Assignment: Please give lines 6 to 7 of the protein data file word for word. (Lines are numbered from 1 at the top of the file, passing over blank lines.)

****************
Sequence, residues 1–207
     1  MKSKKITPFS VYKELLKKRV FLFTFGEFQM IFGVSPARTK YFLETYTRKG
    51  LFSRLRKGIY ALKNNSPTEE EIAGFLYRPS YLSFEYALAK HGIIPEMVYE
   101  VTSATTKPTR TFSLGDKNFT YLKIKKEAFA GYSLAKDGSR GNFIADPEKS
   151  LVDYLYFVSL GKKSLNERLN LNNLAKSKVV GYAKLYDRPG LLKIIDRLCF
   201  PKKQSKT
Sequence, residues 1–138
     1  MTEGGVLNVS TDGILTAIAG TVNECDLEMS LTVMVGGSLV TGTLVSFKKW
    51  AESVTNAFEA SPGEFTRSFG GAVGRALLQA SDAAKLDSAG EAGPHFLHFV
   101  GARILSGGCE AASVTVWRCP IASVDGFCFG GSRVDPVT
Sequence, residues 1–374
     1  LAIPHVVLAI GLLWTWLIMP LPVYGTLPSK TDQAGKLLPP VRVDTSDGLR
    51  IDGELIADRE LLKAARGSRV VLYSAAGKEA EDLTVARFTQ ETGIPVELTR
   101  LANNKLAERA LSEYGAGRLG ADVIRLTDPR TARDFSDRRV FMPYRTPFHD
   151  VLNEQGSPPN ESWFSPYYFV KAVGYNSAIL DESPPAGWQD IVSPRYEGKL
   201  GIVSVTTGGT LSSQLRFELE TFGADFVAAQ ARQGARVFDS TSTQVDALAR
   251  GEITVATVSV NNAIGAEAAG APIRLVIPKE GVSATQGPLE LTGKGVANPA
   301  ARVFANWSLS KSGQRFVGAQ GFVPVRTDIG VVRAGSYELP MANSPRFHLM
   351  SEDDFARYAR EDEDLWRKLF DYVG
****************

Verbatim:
   201  PKKQSKT
Sequence, residues 1–138